Sunday, October 28, 2012

Halloween Horror Watch #7

Halloween III: Season of the Witch (1983) -- Tommy Lee Wallace
Andrea was not a fan of this, but I think it's a lot of fun. Sure, there are things I wish had been different.  I wish that Tom Atkins ran through the streets yelling at everyone to take off the masks, even forcibly removing them from kid's heads instead of being a remote protagonist (so that it was more like Invasion of the Body Snatchers or any "one man's paranoia" movie). I wish the ending wasn't so half-hearted and that the main threat was a national issue that will go off at 9 PM in each time zone. What? News can't travel across the country in 1982 even without Twitter? The minute the east coast went down, the rest of the country should know what happened. I wish that Joe Dante had directed this, as was originally planned. Sure, it might have meant no Police Squad! episodes or his short in Twilight Zone: The Movie (which is the best short), but he would have brought a lot more style (and Dick Miller) to the show. I wish that the Halloween series had continued making a different movie based around the holiday instead of diving back into the Michael Myers well (I'm pretty sure he ends up in a well at the end of one of the sequels).

Still, you gotta love a plot line that involves the occult and a conspiracy to kill the nation's children. Plus, the more people who see it, the more people will undertand when you start singing this:

Wilderness (2006) -- Michael J. Bassett
Wilderness started an unofficial "isolated group" triple feature while I was making my Halloween costume. Since I was going to be distracted, I tried to pick movies I didn't think I'd have to pay much attention to, so no silent/foreign movies and nothing with apparent goals other than cheap thrills.

Sean Pertwee is cornering the market on movies where groups of people are hunted down in the woods. He's got Dog Soldiers and this under his belt and he is awesome in both. The man can act. The story here is that a group of kids in juvenile detention are sent to a remote island for team building and punishment. As it turns out, someone else is there to hunt them. There's some interesting things done with characterization and I feel like it's saying something about the natures of bullying and blame, but really, it's just a pretty cool movie. The characters are pretty intelligent and no one is doing anything for the sake of plot. Quite a pleasant surprises.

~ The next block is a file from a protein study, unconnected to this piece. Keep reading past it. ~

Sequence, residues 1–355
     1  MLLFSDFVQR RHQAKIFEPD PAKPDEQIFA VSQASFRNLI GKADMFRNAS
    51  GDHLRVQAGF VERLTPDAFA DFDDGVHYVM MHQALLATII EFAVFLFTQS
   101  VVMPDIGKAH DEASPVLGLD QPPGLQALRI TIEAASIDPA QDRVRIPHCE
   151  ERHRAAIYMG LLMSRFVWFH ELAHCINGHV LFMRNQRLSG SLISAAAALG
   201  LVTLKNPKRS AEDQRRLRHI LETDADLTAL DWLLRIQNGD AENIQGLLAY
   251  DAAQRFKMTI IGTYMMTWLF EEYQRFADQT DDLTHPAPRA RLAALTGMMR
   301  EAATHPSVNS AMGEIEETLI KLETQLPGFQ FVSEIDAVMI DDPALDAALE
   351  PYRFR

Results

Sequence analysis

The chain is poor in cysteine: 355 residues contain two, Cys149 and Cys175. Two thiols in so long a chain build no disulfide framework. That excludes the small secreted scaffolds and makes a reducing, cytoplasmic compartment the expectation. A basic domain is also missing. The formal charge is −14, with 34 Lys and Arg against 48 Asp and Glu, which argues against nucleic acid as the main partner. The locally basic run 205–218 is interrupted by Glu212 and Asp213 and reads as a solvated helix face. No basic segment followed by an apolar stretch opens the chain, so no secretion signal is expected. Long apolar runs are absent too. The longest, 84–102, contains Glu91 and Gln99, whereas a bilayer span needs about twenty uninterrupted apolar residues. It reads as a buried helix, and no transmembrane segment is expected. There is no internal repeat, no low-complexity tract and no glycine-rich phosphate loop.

Elevator (2011) -- Stig Svendsen
Speaking of surprises... wow. If you've seen Devil and are put off by the "people trapped in elevators" genre, well this one puts that one to shame. The characters start out painted with broad strokes and speak lines of dialogue that sound contrived to give the viewer more information than would normally be expected from this situation, but they soon develop distinct personalities. Much like in Wilderness, these people are reasonably intelligent about their situation (even if those outside the elevator are not). My personal favorite is Martin who is a suck-up, but subtly funny and decent (and is mind-blowingly played by the guy who played Buzz in Home Alone! I can barely believe it and yes, he has gained a few pounds), but you come to appreciate all of the characters for what they bring to the table (except for the little girl... how I hate her).

I am not lying. This is a damn fun movie. This (and Wilderness) are on Netflix Instant View.

Rogue (2007) -- Greg Mclean
I am a sucker for movies about angry animals. Especially giant, angry animals. Even the SyFy variety. They are absolutely ridiculous in most cases, but who doesn't love seeing people get torn apart by ravenous beasties? Rogue takes the giant croc/alligator pretty seriously, as opposed to Lake Placid, but we won't hold that against the movie. First off, it's directed by the guy who directed Wolf Creek, so he gets the benefit of the doubt out of the gate (seriously, Mclean doesn't get enough work. This was his last movie). Secondly, Radha Mitchell is allowed to use her native accent which automatically means she's a better actress. Thirdly, the characters make very few uncalculated risks (seriously, I must have been a good boy today and rewarded with good genre movie-watching). And lastly, PEOPLE GET EATEN BY A GIANT CROCODILE!

Interestingly, Mia Wasikowska (who plays the teenage girl) probably has the most active and highest profile career right now. Who would've guessed?

Friday, October 26, 2012

Halloween Horror Watch #6

Theatre of Blood (1973) -- Douglas Hickox
This is worth seeing just for the chance to watch Vincent Price play dress-up. He has more costume changes than a Lady Gaga concert (reference!). I not-so-long-ago learned that Price is a far better actor than those parodying him give him credit for. This isn't Shakespeare, except it is. Just more fun for the actor. Kevin Smith should just point people to Theatre of Blood so he can finally shut up about how much he hates critics.

It's the Great Pumpkin, Charlie Brown (1966) -- Bill Melendez